March 24

Today's quotation:

Be more concerned with your character than your reputation, because your character is what you really are, while your reputation is merely what others think you are.

John Wooden

Today's Meditation:

I can't help but think back to high school when I read this quotation, back to the days when almost everyone--especially the "popular" kids--were so worried about what other people thought about them that they never gave a thought to what they were doing to other people in the name of having a reputation.  Most of them were lost after high school, when they went on to college or into the job world, when they found that their "rep" didn't follow them into the real world.

It's very easy to get caught up in trying to have other people admire us and think good things about us.  It's also very easy to try to make them think good of us by doing things that we really shouldn't do, like making jokes about other people, insulting someone behind his or her back, or telling some secret that we really shouldn't be telling just to make someone think better of us.

Truly showing our character takes some strong decision making.  First we have to decide that there are certain things that we won't do--like gossip or steal or treat others badly.  Then, whenever we face a situation in which we find ourselves tempted to do one of those things, we have to make another decision to stick to our decision.  As time goes on, these decisions get easier and easier to make as our character strengthens and we start to realize that it's much more important to be known as someone that others can trust in the long run than it is to be known as someone who will give others what they want in the short run.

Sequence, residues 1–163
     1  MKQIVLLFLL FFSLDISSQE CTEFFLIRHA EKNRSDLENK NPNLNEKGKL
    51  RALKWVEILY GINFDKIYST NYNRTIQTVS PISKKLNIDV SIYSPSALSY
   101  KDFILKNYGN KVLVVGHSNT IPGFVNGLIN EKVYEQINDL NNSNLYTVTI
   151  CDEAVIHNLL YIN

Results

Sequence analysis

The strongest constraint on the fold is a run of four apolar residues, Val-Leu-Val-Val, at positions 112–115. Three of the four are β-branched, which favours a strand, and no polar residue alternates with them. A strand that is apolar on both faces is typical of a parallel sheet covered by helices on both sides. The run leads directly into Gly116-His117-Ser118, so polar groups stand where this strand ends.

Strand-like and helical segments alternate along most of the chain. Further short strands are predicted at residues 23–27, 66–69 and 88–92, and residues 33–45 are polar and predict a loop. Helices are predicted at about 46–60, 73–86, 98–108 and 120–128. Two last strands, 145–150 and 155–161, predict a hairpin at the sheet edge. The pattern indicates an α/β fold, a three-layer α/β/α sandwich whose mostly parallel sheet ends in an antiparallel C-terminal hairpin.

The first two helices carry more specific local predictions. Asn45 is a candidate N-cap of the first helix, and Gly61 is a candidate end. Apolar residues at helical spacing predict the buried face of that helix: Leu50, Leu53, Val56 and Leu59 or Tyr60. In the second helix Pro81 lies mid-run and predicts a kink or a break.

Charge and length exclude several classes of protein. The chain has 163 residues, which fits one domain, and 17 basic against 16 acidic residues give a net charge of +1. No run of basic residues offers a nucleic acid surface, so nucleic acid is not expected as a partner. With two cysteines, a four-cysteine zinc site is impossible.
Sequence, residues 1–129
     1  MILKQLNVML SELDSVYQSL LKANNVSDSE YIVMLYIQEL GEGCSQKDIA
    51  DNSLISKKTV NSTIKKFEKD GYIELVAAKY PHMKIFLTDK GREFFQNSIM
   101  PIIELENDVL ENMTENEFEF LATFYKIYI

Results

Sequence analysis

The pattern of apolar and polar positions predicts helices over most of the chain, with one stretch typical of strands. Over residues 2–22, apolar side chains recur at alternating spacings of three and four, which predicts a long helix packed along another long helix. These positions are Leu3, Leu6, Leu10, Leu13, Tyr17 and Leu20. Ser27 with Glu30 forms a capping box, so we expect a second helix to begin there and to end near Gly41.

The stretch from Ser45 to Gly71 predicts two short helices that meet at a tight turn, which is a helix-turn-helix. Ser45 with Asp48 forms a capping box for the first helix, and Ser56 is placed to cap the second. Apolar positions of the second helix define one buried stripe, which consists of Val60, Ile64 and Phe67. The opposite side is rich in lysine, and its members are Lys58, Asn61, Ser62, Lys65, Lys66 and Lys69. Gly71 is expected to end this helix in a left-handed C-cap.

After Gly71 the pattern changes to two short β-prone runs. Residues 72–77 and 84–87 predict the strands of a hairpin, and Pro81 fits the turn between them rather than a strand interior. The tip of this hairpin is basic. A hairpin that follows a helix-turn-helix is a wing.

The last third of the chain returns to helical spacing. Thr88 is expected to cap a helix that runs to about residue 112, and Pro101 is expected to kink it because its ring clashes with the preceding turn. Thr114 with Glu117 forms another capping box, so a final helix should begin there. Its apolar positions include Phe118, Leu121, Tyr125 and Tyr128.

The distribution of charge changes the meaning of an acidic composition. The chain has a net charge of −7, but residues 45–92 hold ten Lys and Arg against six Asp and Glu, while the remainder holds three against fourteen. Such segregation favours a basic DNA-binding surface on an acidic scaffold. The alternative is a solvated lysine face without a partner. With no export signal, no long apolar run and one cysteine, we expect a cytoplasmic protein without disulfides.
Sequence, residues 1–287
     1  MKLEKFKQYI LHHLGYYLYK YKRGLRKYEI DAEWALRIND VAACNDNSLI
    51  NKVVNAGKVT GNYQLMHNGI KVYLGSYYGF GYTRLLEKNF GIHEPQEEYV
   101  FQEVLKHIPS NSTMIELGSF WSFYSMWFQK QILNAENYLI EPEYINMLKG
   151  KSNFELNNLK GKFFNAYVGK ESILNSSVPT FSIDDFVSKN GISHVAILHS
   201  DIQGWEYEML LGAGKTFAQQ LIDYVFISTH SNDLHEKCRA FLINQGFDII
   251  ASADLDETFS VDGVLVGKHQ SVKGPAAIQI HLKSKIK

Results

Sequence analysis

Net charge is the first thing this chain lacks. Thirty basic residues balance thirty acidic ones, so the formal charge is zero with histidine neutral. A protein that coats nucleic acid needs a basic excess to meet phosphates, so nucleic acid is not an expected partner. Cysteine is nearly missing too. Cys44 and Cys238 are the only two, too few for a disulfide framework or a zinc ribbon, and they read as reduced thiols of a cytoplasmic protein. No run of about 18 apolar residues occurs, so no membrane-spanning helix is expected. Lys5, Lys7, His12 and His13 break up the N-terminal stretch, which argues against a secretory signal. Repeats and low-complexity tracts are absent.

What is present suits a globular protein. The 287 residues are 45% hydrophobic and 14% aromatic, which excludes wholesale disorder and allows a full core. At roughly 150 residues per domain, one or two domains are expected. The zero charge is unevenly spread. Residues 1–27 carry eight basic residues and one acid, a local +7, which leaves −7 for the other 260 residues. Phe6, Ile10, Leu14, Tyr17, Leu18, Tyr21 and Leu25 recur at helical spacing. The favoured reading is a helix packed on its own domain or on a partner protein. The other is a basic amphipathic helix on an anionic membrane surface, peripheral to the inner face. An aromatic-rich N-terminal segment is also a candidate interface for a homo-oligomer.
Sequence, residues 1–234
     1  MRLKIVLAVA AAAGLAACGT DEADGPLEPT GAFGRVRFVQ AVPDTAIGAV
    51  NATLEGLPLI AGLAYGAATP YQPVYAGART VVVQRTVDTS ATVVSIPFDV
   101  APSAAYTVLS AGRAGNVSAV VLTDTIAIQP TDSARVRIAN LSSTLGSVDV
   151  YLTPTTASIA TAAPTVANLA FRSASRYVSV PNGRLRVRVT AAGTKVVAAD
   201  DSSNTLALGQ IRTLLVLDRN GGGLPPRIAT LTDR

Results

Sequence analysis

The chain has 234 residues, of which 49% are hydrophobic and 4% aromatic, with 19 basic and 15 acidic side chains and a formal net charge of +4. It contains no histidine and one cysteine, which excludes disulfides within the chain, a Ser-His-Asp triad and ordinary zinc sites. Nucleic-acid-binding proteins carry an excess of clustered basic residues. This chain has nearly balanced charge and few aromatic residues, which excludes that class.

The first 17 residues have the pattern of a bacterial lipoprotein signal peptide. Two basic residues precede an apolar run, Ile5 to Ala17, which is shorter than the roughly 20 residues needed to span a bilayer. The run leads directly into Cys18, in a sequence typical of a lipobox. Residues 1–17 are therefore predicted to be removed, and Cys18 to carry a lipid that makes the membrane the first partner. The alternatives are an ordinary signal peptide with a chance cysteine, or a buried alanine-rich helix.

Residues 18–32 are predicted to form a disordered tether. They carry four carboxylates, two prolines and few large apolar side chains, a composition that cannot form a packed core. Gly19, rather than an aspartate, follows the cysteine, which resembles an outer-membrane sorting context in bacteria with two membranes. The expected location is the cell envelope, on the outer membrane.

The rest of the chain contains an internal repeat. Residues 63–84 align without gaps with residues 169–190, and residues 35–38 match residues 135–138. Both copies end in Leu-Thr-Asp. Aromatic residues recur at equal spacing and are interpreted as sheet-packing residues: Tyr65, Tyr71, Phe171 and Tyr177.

Eventually, your reputation will be that you are a person of deep conviction and strong character, and when people realize that and start treating you that way, you will feel very, very good about yourself.  Always.

Questions to consider:

In your mind, what are the greatest differences between character and reputation?

Why is it easier to develop a reputation than it is to develop character?

How do you feel about people who are mainly concerned about their reputations?  How deep is your trust for them?

For further thought:

The poor Mullah Nasreddin was reduced to living on a diet of chickpeas and bread, while his neighbor dined on fancy delicacies provided by the King himself.

One day his neighbor said to Nasreddin:  "If you were truly wise you would learn to flatter the King and obey his every whim like I do.  Then you would not have to live on chickpeas and bread."  Nasreddin answered, "And if you would learn to live on chickpeas and bread like I do, then you would not have to flatter the King and obey his every whim."

Traditional Sufi Story

  
   

  

 

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